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Updated by Surgical Associates of Palm Beach County on Jun 10, 2020
Headline for 5 Facts About Dealing With Irritable Bowel Syndrome
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5 Facts About Dealing With Irritable Bowel Syndrome

What do you do if you suffer from irritable bowel syndrome? Understanding how to handle IBS can be helpful to those who suffer from it. Read on to learn more.


What is Irritable Bowel Syndrome

Irritable bowel syndrome (IBS) is a disease affecting the intestines, and more people than you would think suffer from it. It’s fairly common, causing abdominal pain and bowel issues, but it’s hard to pin down what’s causing IBS and how to treat it.

Doctors diagnose IBS by eliminating other things that cause the same symptoms. Changing your diet or taking medications are common steps to take before determining whether you have IBS. Additionally, a person must have the condition for at least six months, and at least three times per month. IBS is not a curable disease, but it is manageable through a variety of lifestyle changes.


Signs of Irritable Bowel Syndrome:

Irritable bowel syndrome causes abdominal pain at varying levels of intensity and causes constantly changing bowel habits. An IBS flare-up can last anywhere from a few days to months, and can also include symptoms like gas, heartburn, nausea, indigestion, and bloating, although this is less common.

IBS pain usually occurs after a person has eaten, and gets worse or intensifies during bowel movements, which could range from diarrhea to constipation.


What’s the difference between IBS and IBD?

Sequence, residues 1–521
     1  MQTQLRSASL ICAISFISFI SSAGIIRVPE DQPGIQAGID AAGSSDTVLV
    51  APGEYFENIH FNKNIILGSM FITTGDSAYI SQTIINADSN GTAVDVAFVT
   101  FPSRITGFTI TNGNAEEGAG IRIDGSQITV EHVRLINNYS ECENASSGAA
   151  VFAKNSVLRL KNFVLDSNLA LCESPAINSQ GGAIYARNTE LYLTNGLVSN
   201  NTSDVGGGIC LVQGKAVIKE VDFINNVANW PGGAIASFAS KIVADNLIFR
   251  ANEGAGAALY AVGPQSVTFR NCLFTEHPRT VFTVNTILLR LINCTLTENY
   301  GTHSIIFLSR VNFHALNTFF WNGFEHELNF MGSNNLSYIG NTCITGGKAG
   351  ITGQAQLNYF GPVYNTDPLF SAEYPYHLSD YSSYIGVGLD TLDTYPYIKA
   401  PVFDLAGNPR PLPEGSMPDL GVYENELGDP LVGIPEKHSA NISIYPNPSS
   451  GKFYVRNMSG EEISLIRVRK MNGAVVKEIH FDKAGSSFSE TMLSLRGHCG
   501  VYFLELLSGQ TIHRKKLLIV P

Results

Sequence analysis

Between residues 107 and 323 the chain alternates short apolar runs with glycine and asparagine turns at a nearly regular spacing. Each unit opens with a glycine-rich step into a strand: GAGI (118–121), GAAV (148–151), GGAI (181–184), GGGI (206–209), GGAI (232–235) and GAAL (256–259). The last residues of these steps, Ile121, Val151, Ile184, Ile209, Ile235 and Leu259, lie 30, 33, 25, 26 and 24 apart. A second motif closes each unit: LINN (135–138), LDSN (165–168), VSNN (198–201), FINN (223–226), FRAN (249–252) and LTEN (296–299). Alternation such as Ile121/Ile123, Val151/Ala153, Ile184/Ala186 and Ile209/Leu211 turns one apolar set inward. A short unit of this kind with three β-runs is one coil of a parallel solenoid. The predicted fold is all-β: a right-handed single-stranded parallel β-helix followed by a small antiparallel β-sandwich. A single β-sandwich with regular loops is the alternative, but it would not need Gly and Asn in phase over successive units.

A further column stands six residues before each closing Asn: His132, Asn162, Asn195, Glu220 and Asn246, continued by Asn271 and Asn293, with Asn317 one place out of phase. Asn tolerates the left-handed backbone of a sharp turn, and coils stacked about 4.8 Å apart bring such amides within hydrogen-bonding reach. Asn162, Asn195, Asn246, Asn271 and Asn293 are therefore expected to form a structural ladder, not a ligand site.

IBD is inflammatory bowel syndrome and can have similar symptoms to irritable bowel syndrome. But they are not the same condition, and IBD is much more severe. IBD can cause inflammatory bowel disease, and could cause permanent damage to the intestines, bleeding, and ulcers.


How do you treat Irritable Bowel Syndrome?

IBS treatment is typically handled with changes to a person’s lifestyle and diet. High fiber diets are usually good in managing IBS — and fiber supplements can be helpful if a person takes them daily.

If IBS is causing diarrhea, a constipating agent may be helpful. Also, drinking water, eating smaller meals, and eliminating certain trigger foods that continue to cause problems can mitigate symptoms.

If you are suffering from IBS, you can try gradually increasing fiber in your diet, with fresh fruits and vegetables, and supplements. You can also try to reduce your stress, and avoid spicy or fried foods, alcohol, and milk products.


Talking to a Doctor About IBS

Diagnosing IBS is a time-consuming process, so it’s important that you mention any symptoms that may be “off” or causing concern, as soon as they start. While you may not get an immediate answer, you can start to test whether certain foods or activities trigger discomfort and pain associated with IBS. These triggers will eventually help you determine a treatment plan that can mitigate your symptoms and help you prevent IBS from flaring up regularly.

For more information on irritable bowel syndrome and how to handle it, contact an experienced Palm Beach surgeon today.